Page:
The law relating to the patentability of computer-implemented inventions is beginning to look settled in Australia following Commissioner of Patents v Rokt Pte Ltd (Rokt).
The Full Federal Court in Rokt has reversed a curious decision of the primary judge in favour of a digital advertising method being patentable subject matter. In upholding the Commissioner’s appeal, the Full Federal Court affirms the law on the patentability of computer-implemented inventions as being largely settled by the decisions in Encompass Corporation, RPL Central and Research Affiliates.
Schemes, like the digital advertising scheme in Rokt, even if new and ingenious, will not be made patentable by being implemented using computer technology. Instead, for computer-implemented inventions to be patentable, the invention must lie in the implementation of computer technology. The primary judge in Rokt found that the claimed invention solved both a technical problem and a business problem, and that the claimed invention involved steps that were foreign to the normal use of computers at the priority date. The claimed invention was therefore considered to be a manner of manufacture and thus patentable subject matter.
To arrive at this finding, the primary judge was swayed by expert evidence provided by Rokt on the state of the art of computers at the priority date. However, the Full Federal Court, however, strongly disagreed with this approach of assessing patentable subject matter and with the finding. The use of expert evidence in assessing patentable subject matter is a practice that we are still seeing at the Patent Office, but it is not routine practice before the Courts. Thankfully, it is unlikely that we will continue to see this practice before the Courts. The Full Federal Court confirmed that the role of expert evidence in construing the patent specification and the claims should be limited. Moreover, the assessment of the characterisation of the invention was said to be a matter of law.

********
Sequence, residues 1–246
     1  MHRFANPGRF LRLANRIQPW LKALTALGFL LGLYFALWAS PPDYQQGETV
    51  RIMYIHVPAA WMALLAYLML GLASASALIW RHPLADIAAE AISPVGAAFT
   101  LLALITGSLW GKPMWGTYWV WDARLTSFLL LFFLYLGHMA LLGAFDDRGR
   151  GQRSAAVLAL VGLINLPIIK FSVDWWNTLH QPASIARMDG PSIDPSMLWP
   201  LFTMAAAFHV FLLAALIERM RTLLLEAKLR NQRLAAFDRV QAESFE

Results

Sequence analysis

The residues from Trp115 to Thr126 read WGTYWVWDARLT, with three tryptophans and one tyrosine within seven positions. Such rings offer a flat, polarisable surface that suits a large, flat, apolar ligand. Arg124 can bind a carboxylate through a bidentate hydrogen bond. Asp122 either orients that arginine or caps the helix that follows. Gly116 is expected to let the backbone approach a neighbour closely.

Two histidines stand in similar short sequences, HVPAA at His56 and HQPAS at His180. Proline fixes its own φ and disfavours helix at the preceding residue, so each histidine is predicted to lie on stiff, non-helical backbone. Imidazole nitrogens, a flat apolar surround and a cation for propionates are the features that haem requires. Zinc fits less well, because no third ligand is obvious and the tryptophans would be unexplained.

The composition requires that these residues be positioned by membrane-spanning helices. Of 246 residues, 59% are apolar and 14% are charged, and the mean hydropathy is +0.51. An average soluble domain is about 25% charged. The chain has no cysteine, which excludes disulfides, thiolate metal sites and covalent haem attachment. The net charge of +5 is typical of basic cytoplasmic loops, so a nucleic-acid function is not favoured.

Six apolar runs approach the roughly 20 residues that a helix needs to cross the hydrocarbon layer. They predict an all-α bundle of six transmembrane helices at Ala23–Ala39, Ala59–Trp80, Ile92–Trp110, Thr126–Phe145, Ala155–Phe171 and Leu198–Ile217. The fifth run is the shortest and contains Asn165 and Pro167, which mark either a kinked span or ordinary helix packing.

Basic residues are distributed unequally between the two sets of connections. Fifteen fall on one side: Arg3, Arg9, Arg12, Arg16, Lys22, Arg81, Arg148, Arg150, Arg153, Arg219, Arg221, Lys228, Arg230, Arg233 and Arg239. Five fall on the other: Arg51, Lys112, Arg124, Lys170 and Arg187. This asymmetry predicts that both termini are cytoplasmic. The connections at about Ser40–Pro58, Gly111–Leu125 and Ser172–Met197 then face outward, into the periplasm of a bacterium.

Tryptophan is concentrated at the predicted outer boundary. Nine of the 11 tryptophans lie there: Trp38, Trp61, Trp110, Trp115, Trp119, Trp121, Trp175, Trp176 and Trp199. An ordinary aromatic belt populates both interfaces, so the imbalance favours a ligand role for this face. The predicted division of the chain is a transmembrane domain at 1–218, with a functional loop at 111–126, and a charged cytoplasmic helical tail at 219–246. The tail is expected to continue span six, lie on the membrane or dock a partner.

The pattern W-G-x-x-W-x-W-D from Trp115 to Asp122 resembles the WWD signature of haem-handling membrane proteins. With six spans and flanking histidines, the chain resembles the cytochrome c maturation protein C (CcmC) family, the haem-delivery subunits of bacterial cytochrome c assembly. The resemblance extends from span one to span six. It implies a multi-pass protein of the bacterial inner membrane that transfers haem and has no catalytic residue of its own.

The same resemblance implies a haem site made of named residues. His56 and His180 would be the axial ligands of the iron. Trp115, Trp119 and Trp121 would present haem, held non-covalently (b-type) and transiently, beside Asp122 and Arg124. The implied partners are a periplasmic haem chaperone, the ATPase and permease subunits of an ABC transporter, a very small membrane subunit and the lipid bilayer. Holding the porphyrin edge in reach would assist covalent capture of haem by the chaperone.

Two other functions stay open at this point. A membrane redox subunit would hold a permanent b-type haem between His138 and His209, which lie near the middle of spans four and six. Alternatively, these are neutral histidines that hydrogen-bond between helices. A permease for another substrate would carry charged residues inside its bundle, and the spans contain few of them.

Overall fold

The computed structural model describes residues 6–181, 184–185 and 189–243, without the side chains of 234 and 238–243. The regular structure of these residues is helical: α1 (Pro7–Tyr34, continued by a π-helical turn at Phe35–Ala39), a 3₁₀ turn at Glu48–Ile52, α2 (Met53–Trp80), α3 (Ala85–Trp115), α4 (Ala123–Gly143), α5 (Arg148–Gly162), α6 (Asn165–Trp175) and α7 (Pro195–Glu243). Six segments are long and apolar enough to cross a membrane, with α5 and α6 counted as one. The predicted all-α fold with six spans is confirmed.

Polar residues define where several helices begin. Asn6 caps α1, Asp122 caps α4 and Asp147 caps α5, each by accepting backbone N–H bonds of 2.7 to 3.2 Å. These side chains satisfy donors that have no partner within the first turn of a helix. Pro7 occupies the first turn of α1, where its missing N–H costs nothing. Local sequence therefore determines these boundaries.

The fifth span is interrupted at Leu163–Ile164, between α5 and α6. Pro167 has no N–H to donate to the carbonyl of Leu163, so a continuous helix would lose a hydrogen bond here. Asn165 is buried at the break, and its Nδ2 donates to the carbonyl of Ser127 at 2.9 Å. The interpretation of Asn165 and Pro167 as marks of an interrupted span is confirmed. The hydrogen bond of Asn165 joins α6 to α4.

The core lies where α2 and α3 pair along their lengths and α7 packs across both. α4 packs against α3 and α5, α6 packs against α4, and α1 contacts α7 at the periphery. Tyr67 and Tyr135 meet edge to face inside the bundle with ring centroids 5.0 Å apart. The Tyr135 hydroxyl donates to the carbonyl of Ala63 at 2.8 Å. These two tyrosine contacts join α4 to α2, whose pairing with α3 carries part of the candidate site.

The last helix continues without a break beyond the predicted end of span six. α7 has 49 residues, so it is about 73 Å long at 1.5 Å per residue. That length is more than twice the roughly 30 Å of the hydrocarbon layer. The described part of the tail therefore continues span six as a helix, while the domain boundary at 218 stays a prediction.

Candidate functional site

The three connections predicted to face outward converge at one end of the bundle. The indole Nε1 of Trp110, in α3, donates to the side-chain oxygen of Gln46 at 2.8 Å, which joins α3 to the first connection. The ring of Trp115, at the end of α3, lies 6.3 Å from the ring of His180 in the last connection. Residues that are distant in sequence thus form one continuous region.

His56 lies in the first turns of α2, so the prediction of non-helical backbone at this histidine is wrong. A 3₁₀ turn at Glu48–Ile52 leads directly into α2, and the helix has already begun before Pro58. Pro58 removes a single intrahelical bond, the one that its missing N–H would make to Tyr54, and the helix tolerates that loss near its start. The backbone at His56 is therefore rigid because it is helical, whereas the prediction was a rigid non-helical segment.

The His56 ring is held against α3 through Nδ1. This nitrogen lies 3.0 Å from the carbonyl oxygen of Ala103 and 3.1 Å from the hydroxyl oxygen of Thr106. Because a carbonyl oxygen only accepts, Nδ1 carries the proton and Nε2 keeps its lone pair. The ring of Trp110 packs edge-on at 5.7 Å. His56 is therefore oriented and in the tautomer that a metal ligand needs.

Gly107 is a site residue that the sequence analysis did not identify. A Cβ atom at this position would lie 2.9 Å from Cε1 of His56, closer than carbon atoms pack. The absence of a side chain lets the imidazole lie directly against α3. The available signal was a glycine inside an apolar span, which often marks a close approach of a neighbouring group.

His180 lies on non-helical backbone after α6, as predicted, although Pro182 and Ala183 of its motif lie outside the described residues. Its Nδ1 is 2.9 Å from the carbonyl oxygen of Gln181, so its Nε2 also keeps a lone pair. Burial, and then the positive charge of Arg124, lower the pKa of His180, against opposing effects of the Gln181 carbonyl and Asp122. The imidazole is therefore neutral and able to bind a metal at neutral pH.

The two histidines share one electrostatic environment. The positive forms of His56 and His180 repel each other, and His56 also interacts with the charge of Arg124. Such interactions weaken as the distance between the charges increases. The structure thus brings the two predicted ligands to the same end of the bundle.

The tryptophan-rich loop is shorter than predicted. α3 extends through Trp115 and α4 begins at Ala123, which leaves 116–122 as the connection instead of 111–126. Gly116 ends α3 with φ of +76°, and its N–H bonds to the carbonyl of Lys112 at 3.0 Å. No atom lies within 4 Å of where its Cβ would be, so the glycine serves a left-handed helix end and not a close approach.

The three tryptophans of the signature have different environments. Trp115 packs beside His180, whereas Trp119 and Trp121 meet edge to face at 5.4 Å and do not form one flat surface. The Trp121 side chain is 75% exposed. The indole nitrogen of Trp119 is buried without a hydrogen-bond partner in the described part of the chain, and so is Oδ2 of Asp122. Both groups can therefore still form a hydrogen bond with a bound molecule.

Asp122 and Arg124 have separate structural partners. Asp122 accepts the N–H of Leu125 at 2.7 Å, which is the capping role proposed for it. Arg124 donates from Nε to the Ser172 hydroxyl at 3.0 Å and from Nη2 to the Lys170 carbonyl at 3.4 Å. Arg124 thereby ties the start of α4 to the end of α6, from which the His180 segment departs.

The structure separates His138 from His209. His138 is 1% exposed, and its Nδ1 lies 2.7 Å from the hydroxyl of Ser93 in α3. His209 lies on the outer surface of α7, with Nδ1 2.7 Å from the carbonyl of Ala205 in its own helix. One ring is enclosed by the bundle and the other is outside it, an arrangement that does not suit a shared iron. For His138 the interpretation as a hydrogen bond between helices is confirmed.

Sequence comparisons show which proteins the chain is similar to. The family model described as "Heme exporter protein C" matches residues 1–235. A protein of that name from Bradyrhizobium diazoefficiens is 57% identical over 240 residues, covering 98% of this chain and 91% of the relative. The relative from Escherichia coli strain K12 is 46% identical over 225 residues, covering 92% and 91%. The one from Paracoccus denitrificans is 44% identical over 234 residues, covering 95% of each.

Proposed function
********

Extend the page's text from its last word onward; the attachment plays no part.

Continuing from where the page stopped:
This decision will not change the current overarching practice of the Patent Office in assessing the patentability of computer-implemented inventions. The claimed invention in substance will still need to lie in the implementation of computer technology and not in the business-related idea to be patentable. However, this decision may change the current practice of the Patent Office in assessing the substance of the claimed invention in the context of the specification as a whole and the relevant common general knowledge and the prior art. We hope that the Patent Office will now give less weight to considerations of the common general knowledge and prior art when assessing patentable subject matter.
As a result, we consider that providing detailed information, when drafting the description and claims of the patent specification about how the invention is implemented by the computer technology, is likely to be even more important now to support an argument for patentable subject matter. We will keep you updated on developments regarding any changes of practice at the Patent Office.
 Commissioner of Patents v Rokt Pte Ltd  FCAFC 86